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U.S. investors should help fix our infrastructure

December 17, 2021, 12:06 PM UTC
A construction worker carries welding equipment.
U.S. institutional investors already allocate money to infrastructure, but they spend it overseas for lack of domestic opportunities.
Allen J. Schaben - Getty Images

Americans are industrious people. When we were forced into quarantine last year, we quickly figured out how to carry on from our living rooms and our kitchens. Thanks to the power of the internet, we stayed connected to work, school, friends, and family.

However, we didn’t all have the same tools. The digital divide became blisteringly apparent during the pandemic, as nearly 20% of American households were disconnected from the internet. Typical workarounds like Wi-Fi at offices, schools, and cafés were not available during the quarantine. While most Americans kept learning and working remotely, those without broadband fell far behind.

It’s obvious by now that the internet is not a luxury. Just like electricity, internet access is essential to modern life. We’ve also learned from the experience of homeschooling that the internet is critical to providing equal access to education. Yet too many people still don’t have adequate access.

We now have an opportunity to fix this. The historic Infrastructure Investment and Jobs Act will upgrade nearly all parts of our country’s infrastructure, including $65 billion dedicated to improving broadband access.

But $65 billion only goes so far. Even with the expected buildout, current speeds won’t improve much, and slow connections are a big obstacle to remote work and learning. How can we expect people to pull themselves up by their bootstraps if they don’t have access to the internet?

This paradigm applies across most parts of the legislation: aviation, renewable energy, waste management, water conservation, and especially public transport. The bill’s investment will get us far, but not quite far enough.

The underlying issue is that the U.S. simply does not spend enough to build and maintain high-quality infrastructure. We’re the largest economy in the world, yet we lag almost all G20 nations in infrastructure spending, and we rank below average in infrastructure quality rankings.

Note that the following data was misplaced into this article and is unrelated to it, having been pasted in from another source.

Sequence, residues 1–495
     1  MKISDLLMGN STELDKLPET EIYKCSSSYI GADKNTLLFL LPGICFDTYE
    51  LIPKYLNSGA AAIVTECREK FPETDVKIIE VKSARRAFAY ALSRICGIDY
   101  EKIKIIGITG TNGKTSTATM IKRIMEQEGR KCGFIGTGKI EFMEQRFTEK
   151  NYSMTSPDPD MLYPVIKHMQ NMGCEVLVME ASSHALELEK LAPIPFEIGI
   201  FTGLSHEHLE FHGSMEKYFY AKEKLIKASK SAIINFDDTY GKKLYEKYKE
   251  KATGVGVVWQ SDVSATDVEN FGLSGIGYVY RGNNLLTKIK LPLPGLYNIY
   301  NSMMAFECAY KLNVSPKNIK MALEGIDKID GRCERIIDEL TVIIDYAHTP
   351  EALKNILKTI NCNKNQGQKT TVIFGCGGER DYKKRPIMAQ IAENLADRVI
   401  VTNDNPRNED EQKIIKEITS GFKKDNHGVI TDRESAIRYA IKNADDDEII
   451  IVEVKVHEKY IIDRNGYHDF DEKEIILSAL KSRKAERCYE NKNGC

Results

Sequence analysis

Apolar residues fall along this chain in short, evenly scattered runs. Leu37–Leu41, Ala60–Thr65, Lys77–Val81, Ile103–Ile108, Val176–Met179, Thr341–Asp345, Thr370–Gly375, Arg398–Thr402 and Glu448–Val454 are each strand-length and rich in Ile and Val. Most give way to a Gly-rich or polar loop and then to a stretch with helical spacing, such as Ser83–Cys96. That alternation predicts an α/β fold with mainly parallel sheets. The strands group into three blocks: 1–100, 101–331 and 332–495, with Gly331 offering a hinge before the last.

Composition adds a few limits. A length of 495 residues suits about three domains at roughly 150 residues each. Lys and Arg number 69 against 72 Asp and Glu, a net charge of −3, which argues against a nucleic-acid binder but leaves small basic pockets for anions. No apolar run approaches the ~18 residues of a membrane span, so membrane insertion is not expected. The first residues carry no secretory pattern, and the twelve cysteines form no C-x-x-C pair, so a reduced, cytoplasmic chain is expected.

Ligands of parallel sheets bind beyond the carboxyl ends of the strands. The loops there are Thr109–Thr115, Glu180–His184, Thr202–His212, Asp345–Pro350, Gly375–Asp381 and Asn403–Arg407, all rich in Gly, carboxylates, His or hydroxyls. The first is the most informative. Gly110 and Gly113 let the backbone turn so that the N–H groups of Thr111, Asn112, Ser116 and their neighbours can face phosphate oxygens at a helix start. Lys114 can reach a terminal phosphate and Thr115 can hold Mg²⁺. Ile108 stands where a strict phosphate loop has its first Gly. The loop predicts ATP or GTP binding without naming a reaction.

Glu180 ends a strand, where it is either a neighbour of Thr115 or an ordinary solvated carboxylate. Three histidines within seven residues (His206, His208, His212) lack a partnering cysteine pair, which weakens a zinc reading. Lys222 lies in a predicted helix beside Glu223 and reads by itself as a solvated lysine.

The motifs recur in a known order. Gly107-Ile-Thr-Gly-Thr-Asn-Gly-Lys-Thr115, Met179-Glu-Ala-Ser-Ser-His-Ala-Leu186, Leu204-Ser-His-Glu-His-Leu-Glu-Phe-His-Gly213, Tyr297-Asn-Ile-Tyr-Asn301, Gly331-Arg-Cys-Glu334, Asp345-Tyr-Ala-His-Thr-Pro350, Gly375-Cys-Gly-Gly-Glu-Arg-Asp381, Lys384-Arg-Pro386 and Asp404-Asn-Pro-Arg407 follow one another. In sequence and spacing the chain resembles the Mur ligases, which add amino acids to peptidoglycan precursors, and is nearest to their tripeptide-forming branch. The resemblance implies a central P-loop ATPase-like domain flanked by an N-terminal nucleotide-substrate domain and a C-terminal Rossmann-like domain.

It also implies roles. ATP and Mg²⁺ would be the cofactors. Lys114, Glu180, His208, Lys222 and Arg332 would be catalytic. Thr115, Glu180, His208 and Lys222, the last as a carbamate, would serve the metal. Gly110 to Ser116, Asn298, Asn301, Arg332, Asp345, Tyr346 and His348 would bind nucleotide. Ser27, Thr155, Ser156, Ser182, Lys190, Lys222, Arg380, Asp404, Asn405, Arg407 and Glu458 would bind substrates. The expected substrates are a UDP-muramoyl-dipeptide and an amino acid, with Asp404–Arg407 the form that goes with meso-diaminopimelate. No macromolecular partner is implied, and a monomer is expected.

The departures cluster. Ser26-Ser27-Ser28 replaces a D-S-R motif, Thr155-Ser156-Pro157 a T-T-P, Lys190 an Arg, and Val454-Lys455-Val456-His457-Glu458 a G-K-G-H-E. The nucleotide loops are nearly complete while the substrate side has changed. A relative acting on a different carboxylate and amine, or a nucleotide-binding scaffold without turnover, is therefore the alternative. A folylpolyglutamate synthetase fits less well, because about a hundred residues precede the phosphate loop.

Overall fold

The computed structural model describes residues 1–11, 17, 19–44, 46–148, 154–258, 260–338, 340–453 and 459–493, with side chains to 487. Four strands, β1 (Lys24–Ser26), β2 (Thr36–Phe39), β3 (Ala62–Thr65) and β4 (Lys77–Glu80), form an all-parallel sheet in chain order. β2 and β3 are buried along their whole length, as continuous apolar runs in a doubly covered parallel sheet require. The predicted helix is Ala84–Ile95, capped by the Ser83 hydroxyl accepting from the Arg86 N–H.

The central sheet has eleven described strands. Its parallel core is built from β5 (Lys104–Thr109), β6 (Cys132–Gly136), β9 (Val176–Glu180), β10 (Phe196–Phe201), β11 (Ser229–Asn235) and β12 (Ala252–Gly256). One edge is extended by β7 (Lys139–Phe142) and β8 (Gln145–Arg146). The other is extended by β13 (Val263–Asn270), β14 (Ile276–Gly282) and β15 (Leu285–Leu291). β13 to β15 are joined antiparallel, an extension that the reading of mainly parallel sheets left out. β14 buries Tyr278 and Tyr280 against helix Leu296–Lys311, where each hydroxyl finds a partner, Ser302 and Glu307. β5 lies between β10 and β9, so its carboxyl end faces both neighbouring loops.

There is an obvious solution here: We need more private funding alongside public spending. Fortunately, private investors not only have the capital, but they also have a strong desire to invest in our country’s infrastructure.

To put this in context, the legislation allocates $1.2 trillion in spending, versus the infrastructure funding gap of $2.6 trillion. U.S. institutional investors could easily make up for the shortfall. They represent over $20 trillion in capacity, some of which is already allocated to infrastructure. Today, U.S. investors allocate more capital to international projects because there are not enough domestic opportunities.

There’s also a misperception that allowing the investment community to participate in these projects will pad the wallets of the super-rich. This is simply untrue, and we’ve got to get over it. The vast majority of institutional investment in the U.S. comes from pensions, 401(k)s, and nonprofits like foundations, endowments, and hospitals. Generating a return on these investments supports retirement, education, philanthropy, and health care. Infrastructure is particularly important for retirement accounts because they have similar timelines. The income streams from projects such as roads and bridges match up nicely against long-term retirement benefits.

Infrastructure also aligns with institutional investors’ values. Many universities would like to lower their carbon emissions and would gladly provide capital to invest in decarbonization pipelines if the opportunities were available. Other investors would help close the digital divide by funding projects that support broadband expansion, satellite internet, and fiber.

Private investment would also increase accountability and fill gaps with high-quality expertise not always available in the public sector. Studies have found that when the private sector is involved, infrastructure projects are more likely to meet deadlines and stay within budget.

We have a blueprint for how successful this can be. Canadian pensions have long leveraged infrastructure investments to get retirement dollars to their participants. They view infrastructure as a stand-alone asset class and allocate significant capital to it, and the Canadian government facilitates this with oversight and support from an infrastructure bank.

If we can get all these parts to work similarly in the U.S., we can fund more improvements that will benefit all Americans. Currently, the legislation does offer a few openings for private-public partnerships. We need to encourage the government to incorporate private funding as it administers these projects, and to guide public and private enterprises to work as partners.

This would be a winning arrangement that would bring a true alignment of interests and, best of all, would create a shared stake in the future of our country.

Zach Buchwald is BlackRock’s head of the institutional business for U.S. and Canada.

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